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LONDON (Reuters) - Investors are betting the European Central Bank could deliver its first interest rate rise since 2011 by July next year.
Any further tightening, however, is likely to mirror the tentative first steps taken by the U.S. Federal Reserve.
In the space of a fortnight, markets have ratcheted up their expectations for a rate hike in the euro area following comments from the ECB and other major central banks.
Forward Eonia bank-to-bank rates, a closely followed gauge of the market's rate expectations, dated for the ECB meeting next July stand at minus 0.25 percent, well above the Eonia spot rate of minus 0.36 percent ECBWATCH.
Rounded, that gap implies markets are fully pricing in a 10 basis point hike in the ECB's currently minus 0.40 percent deposit rate by next July -- a move that was not anticipated a month ago.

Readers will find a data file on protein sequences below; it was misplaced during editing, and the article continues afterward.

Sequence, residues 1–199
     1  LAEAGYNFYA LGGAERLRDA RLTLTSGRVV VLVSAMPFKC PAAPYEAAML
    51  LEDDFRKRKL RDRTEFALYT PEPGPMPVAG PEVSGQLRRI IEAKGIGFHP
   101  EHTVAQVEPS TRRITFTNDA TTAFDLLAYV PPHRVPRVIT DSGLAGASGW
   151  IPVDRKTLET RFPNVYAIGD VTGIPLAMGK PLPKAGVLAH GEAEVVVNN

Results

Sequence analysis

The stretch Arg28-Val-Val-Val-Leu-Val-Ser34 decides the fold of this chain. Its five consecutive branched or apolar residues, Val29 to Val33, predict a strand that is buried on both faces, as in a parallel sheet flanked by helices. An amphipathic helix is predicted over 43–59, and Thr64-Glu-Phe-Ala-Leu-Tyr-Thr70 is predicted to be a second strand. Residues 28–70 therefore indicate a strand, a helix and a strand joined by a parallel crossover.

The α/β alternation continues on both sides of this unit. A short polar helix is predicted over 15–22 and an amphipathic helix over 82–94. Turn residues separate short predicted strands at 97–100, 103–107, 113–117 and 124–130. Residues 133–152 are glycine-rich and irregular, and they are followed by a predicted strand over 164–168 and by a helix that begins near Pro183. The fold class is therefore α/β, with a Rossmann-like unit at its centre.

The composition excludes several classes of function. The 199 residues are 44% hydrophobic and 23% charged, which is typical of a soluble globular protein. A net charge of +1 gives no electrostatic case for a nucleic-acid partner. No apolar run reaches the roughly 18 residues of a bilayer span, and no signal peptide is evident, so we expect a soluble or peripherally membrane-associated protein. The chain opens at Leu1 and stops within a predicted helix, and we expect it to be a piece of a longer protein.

But over the next two years, only between two to three hikes are expected, leaving rates still in negative territory.
Martin van Vliet, a senior rates strategist at ING, notes that contracts that show where one-month Eonia rates are expected to be in two years' time suggest that three hikes are priced in by mid-2019.
Analysts said another measure derived from Euribor money market futures <0#FEI:> suggests only two hikes are fully priced into the market by June 2019.
"It is clear the market is pricing in a very sluggish tightening cycle, if you can call it that," said ING's Martin van Vliet. "It's basically what the Fed did in the first two years of the current cycle."
The U.S. Federal Reserve has taken 18 months to raise rates four times to a level still well below historical averages.
Even the rate trajectory mapped out by markets is too aggressive for many analysts given the outlook for subdued inflation and expectations that an unwinding of the ECB's bond-buying scheme is likely to take place before rates change.
HSBC expects the ECB's deposit rate to remain unchanged next year, while ABN AMRO expects the first hike in September 2018.
"I don't think the ECB's going to hike in 2018 at all and even 2019 seems questionable to me," said Peter Schaffrik, global macro strategist at RBC Capital Markets.
Editing by Pritha Sarkar